Economics as the most beautiful of all arts: creative design that opens up a viable economic perspective.
"Our true illiteracy is the inability to be creatively creative," said Austrian artist Friedensreich Hundertwasser. Our imagination, our ideas, the combination of thoughts are unlimited. So far, there is no evidence that there are limits to our creativity.
Of all living beings, only human beings have creative potential. Today we need it more urgently than ever, because a continuation of the current development threatens to lead us into catastrophe.
The most elegant way out of the catastrophe can be shown to us by the force that got us into it in the first place: the economy. For me, it has the potential to be the most beautiful of all arts: creative design that fits the place, time and person and opens up a sustainable, lasting economic perspective. Bringing an idea-child into the world. One that is not only the pride of the parents, but can be useful to society and that attracts attention through good and inexpensive products. And last but not least, one that does not exacerbate existing problems but contributes to new and better solutions through broader participation in an entrepreneurial way.
Even now, there is an area of entrepreneurial activity in which both the values that apply and the people who act are recognizably different from those in conventional business. I am talking about the field of social entrepreneurship.
The idea of using entrepreneurial thinking and action without associating it with profit maximization is meeting with great interest and approval worldwide. The positive values of entrepreneurship - achieving goals, organizing practically efficiently, using financial resources sparingly - are affirmed, but without taking on the ballast of profit maximization. Something like Richard Branson and Mother Teresa in one person. We need - according to the basic idea of social entrepreneurship - people who find and implement new answers to complex social problems with entrepreneurial spirit.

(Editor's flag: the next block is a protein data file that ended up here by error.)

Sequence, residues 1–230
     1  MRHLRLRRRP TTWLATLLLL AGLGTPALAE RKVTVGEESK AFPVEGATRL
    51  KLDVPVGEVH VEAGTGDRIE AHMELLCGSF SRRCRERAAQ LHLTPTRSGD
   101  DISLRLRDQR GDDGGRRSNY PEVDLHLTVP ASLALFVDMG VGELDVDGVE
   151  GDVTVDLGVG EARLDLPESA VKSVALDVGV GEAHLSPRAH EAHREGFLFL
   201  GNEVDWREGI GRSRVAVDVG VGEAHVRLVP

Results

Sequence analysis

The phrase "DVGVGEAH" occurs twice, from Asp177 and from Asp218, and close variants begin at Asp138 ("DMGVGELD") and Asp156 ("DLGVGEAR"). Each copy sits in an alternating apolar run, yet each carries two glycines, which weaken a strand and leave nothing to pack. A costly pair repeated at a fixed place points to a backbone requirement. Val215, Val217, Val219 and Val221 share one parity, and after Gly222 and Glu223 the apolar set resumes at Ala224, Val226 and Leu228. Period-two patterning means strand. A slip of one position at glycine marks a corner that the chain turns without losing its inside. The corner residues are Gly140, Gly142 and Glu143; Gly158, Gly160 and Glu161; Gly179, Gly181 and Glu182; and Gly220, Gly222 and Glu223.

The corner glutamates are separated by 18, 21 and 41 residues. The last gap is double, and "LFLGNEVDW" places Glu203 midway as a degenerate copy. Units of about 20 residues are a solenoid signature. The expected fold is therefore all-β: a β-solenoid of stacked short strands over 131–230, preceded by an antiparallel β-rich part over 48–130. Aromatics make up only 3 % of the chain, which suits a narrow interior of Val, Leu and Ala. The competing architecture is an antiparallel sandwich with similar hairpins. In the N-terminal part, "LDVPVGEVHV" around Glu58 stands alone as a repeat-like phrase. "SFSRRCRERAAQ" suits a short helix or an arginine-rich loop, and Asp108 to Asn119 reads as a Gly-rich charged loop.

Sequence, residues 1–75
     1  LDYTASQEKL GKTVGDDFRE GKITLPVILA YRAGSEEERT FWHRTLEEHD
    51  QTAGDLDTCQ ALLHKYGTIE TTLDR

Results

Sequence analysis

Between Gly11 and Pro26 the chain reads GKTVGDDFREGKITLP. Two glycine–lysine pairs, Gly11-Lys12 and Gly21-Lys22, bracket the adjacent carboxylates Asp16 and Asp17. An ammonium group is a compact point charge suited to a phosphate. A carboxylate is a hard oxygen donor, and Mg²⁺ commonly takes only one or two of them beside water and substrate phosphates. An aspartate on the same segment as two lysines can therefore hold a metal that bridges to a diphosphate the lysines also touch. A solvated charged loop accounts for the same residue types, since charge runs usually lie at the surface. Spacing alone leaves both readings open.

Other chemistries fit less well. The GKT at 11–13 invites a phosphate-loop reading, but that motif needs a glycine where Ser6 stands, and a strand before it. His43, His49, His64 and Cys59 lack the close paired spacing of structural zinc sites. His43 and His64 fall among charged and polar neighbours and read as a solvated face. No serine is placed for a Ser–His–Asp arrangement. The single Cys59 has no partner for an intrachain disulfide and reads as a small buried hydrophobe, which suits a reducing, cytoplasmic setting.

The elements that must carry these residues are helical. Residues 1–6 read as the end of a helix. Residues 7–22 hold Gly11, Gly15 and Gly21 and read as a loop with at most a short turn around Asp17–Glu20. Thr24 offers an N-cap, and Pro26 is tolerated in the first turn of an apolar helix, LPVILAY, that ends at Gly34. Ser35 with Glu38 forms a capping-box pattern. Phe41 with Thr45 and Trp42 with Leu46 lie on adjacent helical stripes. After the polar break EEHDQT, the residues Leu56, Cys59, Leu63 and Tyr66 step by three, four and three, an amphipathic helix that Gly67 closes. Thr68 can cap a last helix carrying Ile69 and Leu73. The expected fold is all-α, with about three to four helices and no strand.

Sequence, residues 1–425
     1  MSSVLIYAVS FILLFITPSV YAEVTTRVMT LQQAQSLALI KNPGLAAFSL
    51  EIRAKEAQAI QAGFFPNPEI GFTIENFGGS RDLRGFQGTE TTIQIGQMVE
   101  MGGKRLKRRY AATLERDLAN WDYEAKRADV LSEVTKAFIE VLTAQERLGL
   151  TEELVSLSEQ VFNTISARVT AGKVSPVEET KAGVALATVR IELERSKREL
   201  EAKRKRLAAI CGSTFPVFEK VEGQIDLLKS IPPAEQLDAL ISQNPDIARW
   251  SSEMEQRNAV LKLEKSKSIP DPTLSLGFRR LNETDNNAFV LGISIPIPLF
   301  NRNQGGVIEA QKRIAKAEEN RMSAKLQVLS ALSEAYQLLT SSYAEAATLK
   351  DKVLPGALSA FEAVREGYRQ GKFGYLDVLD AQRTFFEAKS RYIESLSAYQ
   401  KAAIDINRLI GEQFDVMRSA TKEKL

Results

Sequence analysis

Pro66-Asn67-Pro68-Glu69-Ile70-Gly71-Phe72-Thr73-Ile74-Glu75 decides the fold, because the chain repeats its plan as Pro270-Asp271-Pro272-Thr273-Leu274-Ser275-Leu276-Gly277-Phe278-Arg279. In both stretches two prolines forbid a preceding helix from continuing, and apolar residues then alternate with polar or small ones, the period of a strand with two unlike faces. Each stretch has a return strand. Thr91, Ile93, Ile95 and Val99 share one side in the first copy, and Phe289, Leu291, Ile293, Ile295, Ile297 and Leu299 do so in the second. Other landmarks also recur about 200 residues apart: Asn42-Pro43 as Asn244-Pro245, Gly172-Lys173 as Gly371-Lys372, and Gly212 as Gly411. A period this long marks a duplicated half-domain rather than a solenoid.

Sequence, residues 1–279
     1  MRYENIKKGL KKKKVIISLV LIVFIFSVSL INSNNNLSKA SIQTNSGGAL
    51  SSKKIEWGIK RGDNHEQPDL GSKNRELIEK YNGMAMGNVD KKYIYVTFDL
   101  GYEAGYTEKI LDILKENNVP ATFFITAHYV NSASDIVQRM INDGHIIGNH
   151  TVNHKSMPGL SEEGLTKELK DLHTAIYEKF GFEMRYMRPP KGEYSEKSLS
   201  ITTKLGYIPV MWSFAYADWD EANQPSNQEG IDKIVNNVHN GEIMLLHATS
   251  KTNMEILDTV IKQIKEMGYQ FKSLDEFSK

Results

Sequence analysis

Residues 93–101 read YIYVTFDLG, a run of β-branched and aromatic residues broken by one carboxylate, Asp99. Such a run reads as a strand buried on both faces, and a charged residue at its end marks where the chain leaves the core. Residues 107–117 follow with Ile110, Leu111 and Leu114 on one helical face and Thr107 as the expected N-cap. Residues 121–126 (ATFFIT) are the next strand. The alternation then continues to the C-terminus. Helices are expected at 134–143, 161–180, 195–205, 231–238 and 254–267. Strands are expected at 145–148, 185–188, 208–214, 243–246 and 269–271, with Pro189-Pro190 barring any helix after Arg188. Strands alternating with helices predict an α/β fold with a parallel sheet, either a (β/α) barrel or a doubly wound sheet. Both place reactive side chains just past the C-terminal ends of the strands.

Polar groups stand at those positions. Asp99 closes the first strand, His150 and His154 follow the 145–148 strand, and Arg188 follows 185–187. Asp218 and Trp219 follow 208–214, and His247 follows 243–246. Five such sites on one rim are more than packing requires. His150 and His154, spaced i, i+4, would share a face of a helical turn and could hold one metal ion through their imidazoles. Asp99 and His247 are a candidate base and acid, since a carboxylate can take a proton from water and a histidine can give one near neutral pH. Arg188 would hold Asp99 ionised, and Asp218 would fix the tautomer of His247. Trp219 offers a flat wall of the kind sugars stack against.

Only at a superficial glance does it seem that the unconventional, the creative, the artistic people cannot be inspired by economics. On closer inspection, this is not necessarily true. The popularity that social entrepreneurship has gained recently suggests that interest in and understanding of entrepreneurship is growing, but the forms and ways of thinking of conventional economics are being rejected. We are witnessing here an affirmation of the entrepreneurial spiritfor the solution of social problems.
One of the main characteristics of social entrepreneurship so far is that it operates in areas that lie outside the core field of economics. A social concern is understood to be the commitment to the disadvantaged and groups on the margins of society. Let us now think of the social entrepreneur as someone who no longer intervenes in the economy at the margins of society, but at its core. His concern to provide social impetus, to help people, remains - and his commitment can thus benefit everyone. He can expand his radius of action and thus strengthen his impact. As a social entrepreneur for all, he fulfills the task that we describe as citizen entrepreneurship.